Asheville City Council Approves Removal Of Vance Monument
Asheville City Council voted Tuesday evening to remove the Vance Monument from its spot in the city's main public space, taking away the 65-foot obelisk which has stood in what is now called Pack Square since 1898.
The final vote was 6-1, with Councilwoman Sandra Kilgore casting the lone dissenting vote. The monument is named for Zebulon Vance, North Carolina's governor during the Civil War and U.S. senator during Reconstruction until his death in 1894. Vance and his family enslaved people prior to the war, and he fought vehemently against full civil rights for Black Americans after it.
It will be the third Confederate monument removed from Pack Square following protests after the killing of George Floyd last year. A plaque with the likeness of Confederate Gen. Robert E. Lee and a memorial to Confederate soldiers were removed last summer.
A task force created by City Council and the Buncombe County Board of Commissioners recommended the removal of the monument in November by an 11-1 vote. The task force looked at several options for the future of the monument, including repurposing it by taking Vance's name off it to keeping it with signs putting Vance's life in more context.
One of the members of that task force, former Buncombe County Commissioner David King, said in an interview prior to Tuesday's vote that among their many wishes, members wanted Pack Square to be a more welcoming place. Keeping the Vance Monument there would prevent that, according to King: "Let's turn this into a welcoming place for everyone — all local people, visitors and newcomers."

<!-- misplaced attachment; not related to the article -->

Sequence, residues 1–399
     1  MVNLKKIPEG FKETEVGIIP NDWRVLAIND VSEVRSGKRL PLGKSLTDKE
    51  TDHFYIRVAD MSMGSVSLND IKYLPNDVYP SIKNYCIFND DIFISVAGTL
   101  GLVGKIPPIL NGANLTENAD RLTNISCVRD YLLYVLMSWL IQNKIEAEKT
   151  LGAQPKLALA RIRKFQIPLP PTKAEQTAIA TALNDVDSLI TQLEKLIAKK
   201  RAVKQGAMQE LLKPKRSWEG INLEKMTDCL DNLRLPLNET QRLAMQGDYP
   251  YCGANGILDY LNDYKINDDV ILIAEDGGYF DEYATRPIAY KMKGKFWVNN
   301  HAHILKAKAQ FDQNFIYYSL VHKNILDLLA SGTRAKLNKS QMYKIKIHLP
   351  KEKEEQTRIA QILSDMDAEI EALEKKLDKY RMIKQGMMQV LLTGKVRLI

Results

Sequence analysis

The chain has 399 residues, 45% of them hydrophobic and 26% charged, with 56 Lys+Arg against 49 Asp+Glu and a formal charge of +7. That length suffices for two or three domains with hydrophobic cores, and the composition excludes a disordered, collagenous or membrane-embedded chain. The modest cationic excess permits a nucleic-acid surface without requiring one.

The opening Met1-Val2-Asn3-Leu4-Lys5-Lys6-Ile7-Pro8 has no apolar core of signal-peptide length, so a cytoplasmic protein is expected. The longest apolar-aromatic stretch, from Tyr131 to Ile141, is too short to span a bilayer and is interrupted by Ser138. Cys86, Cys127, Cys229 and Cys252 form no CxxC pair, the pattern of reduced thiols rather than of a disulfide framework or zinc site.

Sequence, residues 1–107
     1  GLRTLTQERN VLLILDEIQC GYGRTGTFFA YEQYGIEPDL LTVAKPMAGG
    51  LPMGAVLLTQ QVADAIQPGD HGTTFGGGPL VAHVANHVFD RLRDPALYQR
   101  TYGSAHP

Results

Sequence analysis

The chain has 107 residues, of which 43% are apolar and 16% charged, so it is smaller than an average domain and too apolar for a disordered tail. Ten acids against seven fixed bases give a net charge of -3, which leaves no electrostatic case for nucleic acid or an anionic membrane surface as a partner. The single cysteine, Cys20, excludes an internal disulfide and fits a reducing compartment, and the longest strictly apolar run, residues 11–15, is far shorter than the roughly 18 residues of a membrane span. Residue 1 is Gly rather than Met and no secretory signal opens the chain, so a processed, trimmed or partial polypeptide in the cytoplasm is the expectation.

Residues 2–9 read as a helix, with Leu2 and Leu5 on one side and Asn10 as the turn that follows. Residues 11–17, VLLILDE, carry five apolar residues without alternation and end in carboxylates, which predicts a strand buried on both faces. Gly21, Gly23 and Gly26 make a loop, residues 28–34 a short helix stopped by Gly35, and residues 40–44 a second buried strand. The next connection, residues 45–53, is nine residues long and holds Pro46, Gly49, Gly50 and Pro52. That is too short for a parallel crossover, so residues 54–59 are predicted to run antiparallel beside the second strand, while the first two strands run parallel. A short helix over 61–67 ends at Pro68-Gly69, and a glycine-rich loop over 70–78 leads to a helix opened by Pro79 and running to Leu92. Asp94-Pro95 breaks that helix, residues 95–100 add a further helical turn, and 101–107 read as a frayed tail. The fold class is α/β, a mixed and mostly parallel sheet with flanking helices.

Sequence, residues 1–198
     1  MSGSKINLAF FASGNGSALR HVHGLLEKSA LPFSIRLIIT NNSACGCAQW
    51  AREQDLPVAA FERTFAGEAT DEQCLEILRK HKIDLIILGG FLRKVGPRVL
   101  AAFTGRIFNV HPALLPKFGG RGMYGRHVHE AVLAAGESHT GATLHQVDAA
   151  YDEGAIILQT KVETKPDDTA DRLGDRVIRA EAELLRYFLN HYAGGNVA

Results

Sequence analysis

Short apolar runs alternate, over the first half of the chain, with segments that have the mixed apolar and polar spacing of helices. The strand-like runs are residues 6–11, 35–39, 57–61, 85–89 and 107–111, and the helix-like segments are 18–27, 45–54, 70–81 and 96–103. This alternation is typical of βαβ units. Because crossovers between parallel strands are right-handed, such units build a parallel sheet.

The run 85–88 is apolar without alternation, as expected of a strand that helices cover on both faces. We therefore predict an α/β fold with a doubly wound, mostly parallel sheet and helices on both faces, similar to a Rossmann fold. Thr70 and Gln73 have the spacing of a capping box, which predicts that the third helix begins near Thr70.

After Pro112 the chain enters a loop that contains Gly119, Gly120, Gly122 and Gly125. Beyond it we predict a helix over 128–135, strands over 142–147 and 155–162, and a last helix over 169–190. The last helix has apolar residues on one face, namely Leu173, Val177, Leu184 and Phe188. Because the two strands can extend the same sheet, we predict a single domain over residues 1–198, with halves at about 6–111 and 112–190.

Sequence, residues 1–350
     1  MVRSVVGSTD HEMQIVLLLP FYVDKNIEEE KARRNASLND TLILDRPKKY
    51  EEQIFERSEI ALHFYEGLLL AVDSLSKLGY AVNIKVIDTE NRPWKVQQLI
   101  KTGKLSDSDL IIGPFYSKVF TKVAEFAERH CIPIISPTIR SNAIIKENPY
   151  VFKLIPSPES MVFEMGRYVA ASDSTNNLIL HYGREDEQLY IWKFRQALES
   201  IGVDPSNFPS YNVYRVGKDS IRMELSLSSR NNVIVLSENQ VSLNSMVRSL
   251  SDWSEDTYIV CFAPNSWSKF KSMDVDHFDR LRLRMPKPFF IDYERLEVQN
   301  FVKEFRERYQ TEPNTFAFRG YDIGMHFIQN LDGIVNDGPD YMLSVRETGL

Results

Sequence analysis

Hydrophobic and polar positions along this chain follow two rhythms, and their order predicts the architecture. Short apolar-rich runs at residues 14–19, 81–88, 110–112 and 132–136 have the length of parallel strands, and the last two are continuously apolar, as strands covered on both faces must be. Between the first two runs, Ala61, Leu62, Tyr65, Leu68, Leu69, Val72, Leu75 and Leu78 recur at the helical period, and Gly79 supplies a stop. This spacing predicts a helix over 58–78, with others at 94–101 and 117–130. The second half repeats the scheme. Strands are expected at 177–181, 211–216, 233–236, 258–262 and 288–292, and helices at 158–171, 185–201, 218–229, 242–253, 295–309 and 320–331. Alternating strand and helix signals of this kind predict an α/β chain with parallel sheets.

Council also approved a temporary plan for the site Tuesday. The removal and demolition of the monument would take up to 45 days, according to the city, meaning it would be gone as late as early May. A flower bed would be the temporary replacement for the monument, with the city hoping to have a long-term plan in place for the site by the end of the year.
A 2015 state law seemingly prevented the city from removing the monument, as it mandated such objects could not be removed unless they were placed in areas "of similar prominence." City officials argued though Asheville did have the authority to remove it, going as far as calling it a public safety hazard because of numerous incidents of vandalism and threats to destroy it in materials distributed to council members Tuesday.
What will happen to the actual monument was not discussed during the meeting.
Vance is one of the most important figures in North Carolina history and politics. His speeches against civil rights for Black Americans as a U.S. senator — and he and his family's enslaving of people prior to the Civil War — have come into renewed focus following last year's racial justice protests. That has led to his name being removed from an elementary school in Asheville and a high school in Charlotte over the past year. There are still statues of Vance at both the North Carolina Capitol in Raleigh and the U.S. Capitol.
Copyright 2021 Blue Ridge Public Radio. To learn more, visit BPR.org.